Alexis Bledel in the Handmaid's Tale

Gilmore Girls' Alexis Bledel Talks Transitioning From 'Utopia to Dystopia' for Hulu's Handmaid's Tale

Talk about culture shock. Shortly after reprising her role as Rory in Netflix’s (mostly) light and breezy Gilmore Girls: A Year in the Life, Alexis Bledel segued to the dark and twisted terrain of The Handmaid’s Tale, Hulu’s forthcoming adaptation of Margaret Atwood punishing novel about female oppression and sexual servitude. And while the actress acknowledges the projects’ starkly divergent themes — “Stars Hollow is almost like a utopia, and then we come to this dystopia” via Gilead — she also points out they share some critical common ground. 

“They’re both very distinctly their own worlds,” Bledel tells TVLine. “They are complete in their design, full of detail and very rich. They’re satisfying places to work… I’m spoiled that I get to have [Stars Hollow and now Gilead] as backdrops, because you don’t always have all of that to work with.”

In Handmaid’s Tale, which premieres April 26 and also stars Mad Men‘s Elisabeth Moss and Chuck‘s Yvonne Strahovski, Bledel plays the recurring role of Ofglen, a fellow Handmaid of Moss’ Offred. At first, Ofglen seems like a pious rule-follower, loyal to the oppressive Gilead system, but she turns out to be daring and subversive.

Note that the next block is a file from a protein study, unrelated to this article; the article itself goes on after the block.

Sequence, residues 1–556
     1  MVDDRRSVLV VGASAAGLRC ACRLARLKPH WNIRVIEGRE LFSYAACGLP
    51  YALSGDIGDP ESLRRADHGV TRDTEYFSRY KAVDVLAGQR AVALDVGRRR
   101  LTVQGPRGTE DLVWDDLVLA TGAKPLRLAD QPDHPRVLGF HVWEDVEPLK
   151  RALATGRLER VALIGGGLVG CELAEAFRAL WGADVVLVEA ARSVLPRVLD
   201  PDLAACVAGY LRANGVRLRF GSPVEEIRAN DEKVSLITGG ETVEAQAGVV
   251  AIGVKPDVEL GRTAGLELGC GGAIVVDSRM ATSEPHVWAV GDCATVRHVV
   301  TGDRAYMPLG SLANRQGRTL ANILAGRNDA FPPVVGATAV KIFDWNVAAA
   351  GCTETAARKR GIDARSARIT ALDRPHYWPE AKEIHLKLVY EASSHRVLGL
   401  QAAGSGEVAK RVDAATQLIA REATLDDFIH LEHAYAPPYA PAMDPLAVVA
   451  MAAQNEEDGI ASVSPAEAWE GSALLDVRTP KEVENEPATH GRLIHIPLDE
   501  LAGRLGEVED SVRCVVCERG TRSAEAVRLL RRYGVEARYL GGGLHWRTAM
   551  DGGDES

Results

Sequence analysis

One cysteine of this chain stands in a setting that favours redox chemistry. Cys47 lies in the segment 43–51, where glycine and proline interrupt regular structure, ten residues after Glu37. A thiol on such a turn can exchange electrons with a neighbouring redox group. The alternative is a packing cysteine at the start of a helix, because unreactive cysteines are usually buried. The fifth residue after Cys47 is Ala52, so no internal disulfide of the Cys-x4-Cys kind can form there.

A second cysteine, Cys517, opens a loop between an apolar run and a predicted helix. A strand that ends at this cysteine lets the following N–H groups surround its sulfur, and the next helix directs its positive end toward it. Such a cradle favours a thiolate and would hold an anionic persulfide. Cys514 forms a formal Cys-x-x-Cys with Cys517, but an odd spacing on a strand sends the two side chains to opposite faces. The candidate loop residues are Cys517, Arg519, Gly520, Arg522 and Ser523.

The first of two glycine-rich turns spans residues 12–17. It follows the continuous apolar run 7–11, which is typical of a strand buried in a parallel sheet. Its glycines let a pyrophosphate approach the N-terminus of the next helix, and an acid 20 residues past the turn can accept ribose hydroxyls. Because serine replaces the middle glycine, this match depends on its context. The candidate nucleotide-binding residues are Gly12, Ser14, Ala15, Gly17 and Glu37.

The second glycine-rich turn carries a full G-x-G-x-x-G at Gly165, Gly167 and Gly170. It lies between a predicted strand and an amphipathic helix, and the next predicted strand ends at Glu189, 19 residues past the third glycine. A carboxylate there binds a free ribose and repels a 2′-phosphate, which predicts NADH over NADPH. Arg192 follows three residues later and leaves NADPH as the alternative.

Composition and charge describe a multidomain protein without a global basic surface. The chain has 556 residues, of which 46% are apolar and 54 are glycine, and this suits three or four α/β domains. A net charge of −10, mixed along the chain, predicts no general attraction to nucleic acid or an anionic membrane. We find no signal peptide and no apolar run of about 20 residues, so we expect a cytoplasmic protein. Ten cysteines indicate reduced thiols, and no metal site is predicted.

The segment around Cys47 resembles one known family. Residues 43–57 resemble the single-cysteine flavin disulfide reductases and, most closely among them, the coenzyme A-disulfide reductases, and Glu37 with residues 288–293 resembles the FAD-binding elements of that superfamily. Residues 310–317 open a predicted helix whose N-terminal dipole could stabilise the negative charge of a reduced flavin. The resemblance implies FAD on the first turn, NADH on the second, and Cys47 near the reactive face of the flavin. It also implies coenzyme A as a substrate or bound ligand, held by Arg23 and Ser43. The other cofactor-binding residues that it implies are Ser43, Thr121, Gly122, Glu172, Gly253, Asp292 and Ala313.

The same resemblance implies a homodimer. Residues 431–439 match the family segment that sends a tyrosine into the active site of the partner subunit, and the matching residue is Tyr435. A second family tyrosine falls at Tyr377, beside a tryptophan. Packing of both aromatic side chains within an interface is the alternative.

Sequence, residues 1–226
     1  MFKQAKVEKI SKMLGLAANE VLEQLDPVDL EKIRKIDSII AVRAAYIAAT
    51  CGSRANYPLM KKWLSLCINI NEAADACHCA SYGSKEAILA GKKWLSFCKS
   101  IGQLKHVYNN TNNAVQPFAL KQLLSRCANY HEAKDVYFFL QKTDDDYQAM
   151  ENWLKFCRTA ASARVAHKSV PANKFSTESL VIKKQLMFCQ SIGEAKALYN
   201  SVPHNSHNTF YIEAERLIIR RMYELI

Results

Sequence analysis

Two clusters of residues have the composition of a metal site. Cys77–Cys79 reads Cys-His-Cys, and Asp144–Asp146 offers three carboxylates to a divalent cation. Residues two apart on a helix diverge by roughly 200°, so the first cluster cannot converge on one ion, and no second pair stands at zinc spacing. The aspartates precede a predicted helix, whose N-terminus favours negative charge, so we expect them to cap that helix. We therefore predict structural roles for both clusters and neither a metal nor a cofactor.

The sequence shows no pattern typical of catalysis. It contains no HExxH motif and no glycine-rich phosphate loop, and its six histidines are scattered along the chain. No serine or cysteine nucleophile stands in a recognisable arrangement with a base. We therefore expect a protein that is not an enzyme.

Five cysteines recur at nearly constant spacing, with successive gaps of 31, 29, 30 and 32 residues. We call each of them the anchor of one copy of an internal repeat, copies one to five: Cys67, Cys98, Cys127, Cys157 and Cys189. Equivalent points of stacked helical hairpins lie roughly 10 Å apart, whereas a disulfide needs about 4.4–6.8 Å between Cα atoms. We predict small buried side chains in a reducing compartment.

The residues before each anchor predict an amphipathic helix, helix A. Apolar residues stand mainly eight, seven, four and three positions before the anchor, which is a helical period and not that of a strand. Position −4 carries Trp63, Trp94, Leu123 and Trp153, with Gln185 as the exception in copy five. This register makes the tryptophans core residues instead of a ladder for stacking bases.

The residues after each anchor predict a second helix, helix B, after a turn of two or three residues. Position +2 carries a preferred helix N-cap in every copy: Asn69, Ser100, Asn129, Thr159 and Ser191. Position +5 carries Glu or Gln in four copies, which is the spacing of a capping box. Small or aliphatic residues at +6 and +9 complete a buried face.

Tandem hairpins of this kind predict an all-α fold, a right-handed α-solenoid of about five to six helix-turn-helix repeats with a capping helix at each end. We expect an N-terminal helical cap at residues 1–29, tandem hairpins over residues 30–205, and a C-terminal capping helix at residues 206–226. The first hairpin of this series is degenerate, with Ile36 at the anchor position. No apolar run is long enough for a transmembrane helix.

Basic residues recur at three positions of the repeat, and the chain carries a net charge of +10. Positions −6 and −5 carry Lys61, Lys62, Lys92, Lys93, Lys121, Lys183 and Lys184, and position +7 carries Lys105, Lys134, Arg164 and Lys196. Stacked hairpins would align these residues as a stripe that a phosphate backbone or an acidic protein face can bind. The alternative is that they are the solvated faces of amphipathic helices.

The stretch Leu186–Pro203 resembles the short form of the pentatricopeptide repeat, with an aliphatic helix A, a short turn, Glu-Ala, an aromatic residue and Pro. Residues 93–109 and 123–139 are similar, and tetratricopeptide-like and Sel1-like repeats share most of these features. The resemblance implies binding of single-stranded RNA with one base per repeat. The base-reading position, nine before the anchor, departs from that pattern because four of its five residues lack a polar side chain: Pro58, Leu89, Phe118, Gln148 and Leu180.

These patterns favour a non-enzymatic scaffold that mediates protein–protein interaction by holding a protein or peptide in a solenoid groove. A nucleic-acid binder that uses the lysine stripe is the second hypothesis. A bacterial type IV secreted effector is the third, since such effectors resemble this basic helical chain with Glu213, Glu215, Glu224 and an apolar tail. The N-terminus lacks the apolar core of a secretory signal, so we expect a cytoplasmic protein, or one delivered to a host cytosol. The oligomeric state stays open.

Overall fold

“Ofglen wants to create change,” Bledel explains of her character, who we quickly learn is also a lesbian. “She wants to right a lot of the wrongs that are happening around her to people she knows. She’s getting these tidbits of information from different sources that she seeks out, and it’s a lot of depressing news all the time. And it lights a fire in her and makes her want to fight back… She’s been through a lot and she’s mad. And she’s determined to do something about it.”

Although Bledel says she’s been “blown away by the ambition” of the 10-episode series and is relishing “the opportunity to play a character with such emotional depth,” she concedes the heavy material can take a toll. “Some days it was [hard],” she notes. “Some days it was cathartic. But it was more about focusing my energy and just going there.” (With reporting by Matt Mitovich)